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Sand Painting: Sacred Art of Tibet
Available as: VHS and DVD
Catalog #: 0086
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The ancient art of Tibetan sand painting has been preserved in the monasteries of India and Tibet for some 2,500 years. Traditionally practiced in seclusion, this unique art form has only been practiced publicly in the last decades. In this beautifully photographed and fascinating documentary, Tibetan monks from the Dalai Lama's personal monastery, Namgyal, create the mandala of Kalachakra, the most sacred of all Buddhist sand paintings. The film explores the meaning of the symbols and rituals within the mandala as they have existed through the centuries.
The mandala of Kalachakra is considered a visual metaphor for a perfect universe, a palace where deities reside. The highly intricate and delicately adorned diagrams serve as tools for meditation, transition points between the real and the imaginary. This unusual use of artistic visualization in ritual is one of the defining features of Tibetan Buddhism. More than a symbol, the ritual of the mandala is a living enactment of the Buddhist cycle of change and a demonstration of one of the most spiritually advanced of all Buddhist cultures.
The film's meditative style perfectly captures the mesmerizing quality of the sand painting. As we hear the scraping of cornets pouring small streams of brilliantly colored sand from their tips, the mandala takes form. An array of extraordinary close-ups appear on-screen: a flaming sword, a lotus blossom, a chariot drawn by mythical animals, a half-inch-tall man fully clothed. Entering the perfect world of the sand mandala, the viewer experiences these compelling symbols and ideas firsthand.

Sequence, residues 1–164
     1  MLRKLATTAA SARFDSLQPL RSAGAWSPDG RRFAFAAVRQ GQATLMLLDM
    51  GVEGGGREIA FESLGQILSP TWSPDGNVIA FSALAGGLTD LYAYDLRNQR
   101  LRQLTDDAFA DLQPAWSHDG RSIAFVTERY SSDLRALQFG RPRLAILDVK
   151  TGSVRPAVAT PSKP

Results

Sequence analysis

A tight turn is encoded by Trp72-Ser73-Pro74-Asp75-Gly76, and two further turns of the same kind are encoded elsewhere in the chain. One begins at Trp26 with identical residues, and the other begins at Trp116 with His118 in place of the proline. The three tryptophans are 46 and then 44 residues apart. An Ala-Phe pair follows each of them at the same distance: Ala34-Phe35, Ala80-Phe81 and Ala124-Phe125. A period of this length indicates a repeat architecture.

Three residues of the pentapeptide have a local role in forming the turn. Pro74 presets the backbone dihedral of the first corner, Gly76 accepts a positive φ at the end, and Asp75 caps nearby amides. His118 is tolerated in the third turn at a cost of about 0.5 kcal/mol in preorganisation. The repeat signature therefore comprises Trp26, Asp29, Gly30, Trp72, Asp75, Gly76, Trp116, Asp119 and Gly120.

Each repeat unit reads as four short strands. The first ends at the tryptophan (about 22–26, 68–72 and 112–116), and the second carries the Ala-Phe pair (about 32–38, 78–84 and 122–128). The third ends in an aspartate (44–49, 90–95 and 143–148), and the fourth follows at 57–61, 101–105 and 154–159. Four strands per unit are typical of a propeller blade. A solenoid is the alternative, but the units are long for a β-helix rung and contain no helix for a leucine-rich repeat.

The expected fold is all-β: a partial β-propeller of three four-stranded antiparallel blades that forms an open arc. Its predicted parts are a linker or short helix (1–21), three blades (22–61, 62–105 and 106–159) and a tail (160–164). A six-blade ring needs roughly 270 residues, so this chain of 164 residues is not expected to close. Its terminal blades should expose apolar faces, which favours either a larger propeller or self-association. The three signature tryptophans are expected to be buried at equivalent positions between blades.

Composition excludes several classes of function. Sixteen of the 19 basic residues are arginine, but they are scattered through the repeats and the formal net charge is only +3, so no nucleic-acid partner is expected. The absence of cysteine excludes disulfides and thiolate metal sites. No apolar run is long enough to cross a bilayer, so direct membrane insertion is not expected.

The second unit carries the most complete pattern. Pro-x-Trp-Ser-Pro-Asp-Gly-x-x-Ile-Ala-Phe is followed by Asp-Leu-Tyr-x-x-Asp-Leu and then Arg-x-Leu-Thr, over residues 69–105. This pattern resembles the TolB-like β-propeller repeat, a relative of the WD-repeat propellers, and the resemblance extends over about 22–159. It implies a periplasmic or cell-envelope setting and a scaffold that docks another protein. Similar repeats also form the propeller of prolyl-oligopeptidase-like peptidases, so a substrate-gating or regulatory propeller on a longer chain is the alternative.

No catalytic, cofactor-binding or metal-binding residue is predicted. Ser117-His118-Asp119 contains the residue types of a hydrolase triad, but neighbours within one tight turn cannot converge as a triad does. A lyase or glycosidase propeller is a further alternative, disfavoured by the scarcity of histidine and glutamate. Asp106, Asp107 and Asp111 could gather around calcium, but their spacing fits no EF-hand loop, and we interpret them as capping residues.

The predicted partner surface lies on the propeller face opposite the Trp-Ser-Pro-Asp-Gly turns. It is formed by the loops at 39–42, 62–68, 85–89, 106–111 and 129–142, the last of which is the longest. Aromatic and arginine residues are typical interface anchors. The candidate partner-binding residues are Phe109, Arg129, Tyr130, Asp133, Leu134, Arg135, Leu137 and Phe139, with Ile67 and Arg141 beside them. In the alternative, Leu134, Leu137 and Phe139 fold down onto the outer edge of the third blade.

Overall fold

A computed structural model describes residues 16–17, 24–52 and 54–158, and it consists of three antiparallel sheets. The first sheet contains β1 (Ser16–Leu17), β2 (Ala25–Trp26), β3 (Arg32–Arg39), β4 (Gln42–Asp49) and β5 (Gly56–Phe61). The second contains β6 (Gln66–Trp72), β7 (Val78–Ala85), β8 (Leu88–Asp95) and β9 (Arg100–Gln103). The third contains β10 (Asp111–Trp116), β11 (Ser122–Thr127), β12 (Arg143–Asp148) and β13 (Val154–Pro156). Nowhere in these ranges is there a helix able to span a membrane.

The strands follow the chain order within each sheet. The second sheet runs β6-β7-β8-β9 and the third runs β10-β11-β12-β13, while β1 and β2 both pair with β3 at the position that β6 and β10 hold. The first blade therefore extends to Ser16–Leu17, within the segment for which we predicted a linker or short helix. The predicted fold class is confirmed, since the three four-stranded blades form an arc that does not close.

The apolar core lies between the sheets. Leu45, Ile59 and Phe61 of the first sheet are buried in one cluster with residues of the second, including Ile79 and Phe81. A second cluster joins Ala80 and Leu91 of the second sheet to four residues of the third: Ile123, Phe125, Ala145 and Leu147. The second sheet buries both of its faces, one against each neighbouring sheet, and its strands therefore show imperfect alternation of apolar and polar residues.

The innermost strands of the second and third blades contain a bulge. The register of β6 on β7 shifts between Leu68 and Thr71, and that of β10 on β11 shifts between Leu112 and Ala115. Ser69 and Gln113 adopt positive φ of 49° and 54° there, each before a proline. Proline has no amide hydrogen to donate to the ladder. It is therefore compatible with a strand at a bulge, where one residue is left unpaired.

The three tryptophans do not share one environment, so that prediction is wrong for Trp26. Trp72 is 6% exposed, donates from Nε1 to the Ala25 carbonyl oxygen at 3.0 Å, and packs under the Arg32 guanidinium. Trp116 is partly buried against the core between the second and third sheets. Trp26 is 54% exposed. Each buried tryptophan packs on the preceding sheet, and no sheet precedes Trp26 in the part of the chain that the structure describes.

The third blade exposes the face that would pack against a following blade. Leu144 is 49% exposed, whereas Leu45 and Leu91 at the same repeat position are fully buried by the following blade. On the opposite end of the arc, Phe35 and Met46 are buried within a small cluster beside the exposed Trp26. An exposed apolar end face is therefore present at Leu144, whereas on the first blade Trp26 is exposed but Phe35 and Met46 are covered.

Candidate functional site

Narrator Lobsang Samten guides viewers through this mystical geography, providing insights into the meaning of the ancient designs. He also tells his own story of survival in exile, and his commitment to preserve Tibet's sacred arts and practices before they are lost to humanity. There are at present only 100 people who know the Kalachakra sand painting.
Combining stunning imagery and informative commentary, "Sand Painting" will stimulate analysis and discussion in a variety of courses in art, religion, anthropology, and Asian Studies. It was produced by Sheri Brenner in 1991, but is available to educational audiences now for the first time.
"One of the best films for teaching religion that I have found. It brings out the connections among Tibetan cosmology and theology, monastic training and practice, and lay religiosity that are found in the Kalachakra sand mandala. The mandala's production, meaning, use, and destruction are explained in just the right amount of detail, while long pauses in the narration place the monks themselves, and their sacred art, at the film's center. The film is short enough to show and discuss in one class session. Students for whom religious ritual means church worship will have their eyes opened to another aspect of religious practice, and the vivid images of the mandala and the monks who made it will remain with them long after the film is over." -- Brian W. Ogilvie, Prof. of History and Religious Studies, Univ. of Massachusetts, Amherst
- National Educational Film Festival Silver Apple Award
- East Bay Video Festival Award
- IBM Natl. Art Gallery honoree